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Bateman: Savings tips for the corduroy capri-minded

By Oliver Bateman

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In those funny, bone-jostling hot college comedies, the excitement never ends. Gorgeous teens… In those funny, bone-jostling hot college comedies, the excitement never ends. Gorgeous teens engage in glamorous fun, and even the nerdiest dweebs have a steady supply of fresh apple pies to hump. The reality for many college students is quite different, however, as all of this glamorous fun comes at a steep price. If you’re looking to afford the iPhones, American Apparel unisex corduroy capris, Starbury-brand sneakers and single malt Scotches required to win the affection of the in-crowd, you’re going to need to learn to manage on a low budget, especially if budget cut-induced tuition increases take place next year. What follows, then, are some can’t-miss budgeting tips that will allow you to live the most baller and bling-filled life this side of whatever hip-hop club happens to be hosting “My Humps” chanteuse Fergie.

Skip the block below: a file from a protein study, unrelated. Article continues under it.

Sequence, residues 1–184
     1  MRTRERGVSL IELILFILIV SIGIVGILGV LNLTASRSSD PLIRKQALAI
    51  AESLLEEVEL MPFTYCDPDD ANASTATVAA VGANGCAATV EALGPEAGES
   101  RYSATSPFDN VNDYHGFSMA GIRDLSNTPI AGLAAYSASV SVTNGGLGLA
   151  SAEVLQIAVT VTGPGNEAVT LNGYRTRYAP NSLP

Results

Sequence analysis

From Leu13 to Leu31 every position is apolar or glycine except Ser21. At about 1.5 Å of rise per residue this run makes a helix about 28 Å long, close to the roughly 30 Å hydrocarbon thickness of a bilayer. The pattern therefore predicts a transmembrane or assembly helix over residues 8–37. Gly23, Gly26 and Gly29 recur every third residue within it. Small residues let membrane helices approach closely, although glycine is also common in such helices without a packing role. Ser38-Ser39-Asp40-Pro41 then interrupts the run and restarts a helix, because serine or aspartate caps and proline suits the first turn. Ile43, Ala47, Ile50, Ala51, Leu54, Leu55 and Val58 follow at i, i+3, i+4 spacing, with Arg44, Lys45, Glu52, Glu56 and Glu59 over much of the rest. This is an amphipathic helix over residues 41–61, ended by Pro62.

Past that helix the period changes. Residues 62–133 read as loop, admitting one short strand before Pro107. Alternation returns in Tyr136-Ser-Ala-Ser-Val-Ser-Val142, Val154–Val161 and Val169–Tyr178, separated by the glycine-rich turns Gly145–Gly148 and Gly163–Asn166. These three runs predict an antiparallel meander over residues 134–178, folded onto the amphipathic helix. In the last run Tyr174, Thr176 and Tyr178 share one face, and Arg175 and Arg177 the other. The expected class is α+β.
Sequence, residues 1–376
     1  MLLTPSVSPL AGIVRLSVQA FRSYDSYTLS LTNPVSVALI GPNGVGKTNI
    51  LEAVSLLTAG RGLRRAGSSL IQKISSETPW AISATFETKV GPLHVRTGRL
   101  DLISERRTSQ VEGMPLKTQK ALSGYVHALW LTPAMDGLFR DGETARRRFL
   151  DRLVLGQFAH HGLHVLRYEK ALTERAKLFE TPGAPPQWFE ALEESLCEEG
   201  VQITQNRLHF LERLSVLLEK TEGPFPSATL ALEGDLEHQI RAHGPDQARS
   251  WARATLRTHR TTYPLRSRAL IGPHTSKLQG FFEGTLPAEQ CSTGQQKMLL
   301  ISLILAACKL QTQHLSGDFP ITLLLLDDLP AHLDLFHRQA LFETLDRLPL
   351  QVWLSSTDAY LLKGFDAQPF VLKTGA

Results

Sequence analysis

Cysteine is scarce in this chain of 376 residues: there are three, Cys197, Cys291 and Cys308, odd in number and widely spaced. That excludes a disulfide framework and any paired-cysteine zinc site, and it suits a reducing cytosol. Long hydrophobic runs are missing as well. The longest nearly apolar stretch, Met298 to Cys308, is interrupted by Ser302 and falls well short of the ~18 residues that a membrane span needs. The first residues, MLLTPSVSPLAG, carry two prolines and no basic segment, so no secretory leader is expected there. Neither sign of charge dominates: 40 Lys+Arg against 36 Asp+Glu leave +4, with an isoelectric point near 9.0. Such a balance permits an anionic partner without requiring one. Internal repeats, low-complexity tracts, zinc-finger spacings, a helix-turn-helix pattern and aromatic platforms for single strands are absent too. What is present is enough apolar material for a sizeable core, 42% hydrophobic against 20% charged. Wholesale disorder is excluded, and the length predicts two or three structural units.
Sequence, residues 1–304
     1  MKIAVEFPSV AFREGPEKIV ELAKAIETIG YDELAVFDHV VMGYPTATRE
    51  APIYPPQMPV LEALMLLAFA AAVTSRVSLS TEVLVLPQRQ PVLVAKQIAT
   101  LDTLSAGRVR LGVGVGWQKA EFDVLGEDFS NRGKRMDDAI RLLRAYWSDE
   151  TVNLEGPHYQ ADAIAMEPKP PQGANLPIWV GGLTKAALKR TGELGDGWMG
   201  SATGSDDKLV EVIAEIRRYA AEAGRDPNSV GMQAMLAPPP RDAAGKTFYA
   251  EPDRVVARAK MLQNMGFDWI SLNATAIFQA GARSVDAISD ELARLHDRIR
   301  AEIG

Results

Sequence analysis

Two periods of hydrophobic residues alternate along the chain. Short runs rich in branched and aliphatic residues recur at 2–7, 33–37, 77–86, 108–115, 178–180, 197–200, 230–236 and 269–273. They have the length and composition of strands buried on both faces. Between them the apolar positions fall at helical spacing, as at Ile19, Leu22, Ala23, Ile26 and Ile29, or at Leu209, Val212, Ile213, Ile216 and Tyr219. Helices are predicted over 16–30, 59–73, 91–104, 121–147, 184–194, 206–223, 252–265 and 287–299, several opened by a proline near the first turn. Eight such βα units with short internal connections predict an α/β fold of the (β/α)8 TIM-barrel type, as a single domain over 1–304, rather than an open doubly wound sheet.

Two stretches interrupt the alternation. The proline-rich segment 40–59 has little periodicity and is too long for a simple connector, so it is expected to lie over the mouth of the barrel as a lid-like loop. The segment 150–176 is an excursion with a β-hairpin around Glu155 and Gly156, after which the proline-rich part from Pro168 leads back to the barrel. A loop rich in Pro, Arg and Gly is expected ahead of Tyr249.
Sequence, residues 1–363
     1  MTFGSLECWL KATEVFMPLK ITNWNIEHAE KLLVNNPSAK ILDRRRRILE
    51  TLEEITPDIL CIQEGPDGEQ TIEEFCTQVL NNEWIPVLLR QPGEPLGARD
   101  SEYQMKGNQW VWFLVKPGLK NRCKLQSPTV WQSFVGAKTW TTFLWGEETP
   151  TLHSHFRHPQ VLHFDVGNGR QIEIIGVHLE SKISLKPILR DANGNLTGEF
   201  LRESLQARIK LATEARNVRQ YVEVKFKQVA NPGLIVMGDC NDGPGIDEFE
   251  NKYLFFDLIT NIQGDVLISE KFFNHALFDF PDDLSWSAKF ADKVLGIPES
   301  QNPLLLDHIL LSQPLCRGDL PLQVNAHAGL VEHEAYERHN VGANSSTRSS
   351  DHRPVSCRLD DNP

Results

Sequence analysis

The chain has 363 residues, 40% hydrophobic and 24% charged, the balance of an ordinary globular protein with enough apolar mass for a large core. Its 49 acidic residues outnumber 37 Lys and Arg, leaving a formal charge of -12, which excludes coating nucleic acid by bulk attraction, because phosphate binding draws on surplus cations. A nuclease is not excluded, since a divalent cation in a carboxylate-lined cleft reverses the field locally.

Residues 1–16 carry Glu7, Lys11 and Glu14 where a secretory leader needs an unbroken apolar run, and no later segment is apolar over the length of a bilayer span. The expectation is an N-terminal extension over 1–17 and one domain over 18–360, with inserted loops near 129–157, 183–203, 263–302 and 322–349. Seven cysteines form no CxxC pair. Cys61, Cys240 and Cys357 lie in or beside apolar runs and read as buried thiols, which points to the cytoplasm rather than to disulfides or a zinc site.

Never pay for toilet paper.

When you enter the stall in a public restroom, do you pay careful attention to the design of the toilet paper dispenser? You should: Most dispensers don’t have locks, and the ones that do can be popped open pretty easily. Once you’ve slipped the complimentary TP into your attractive handbag or man-purse — yet another reason to carry one of these little beauties around, in addition to looking fly and au courant — you can take it home and single-ply it, thus creating two usable rolls out of one. If you’re looking to get a head start on paying off those student loans, you can make the TP go even further by hanging used squares over the towel rack to dry out.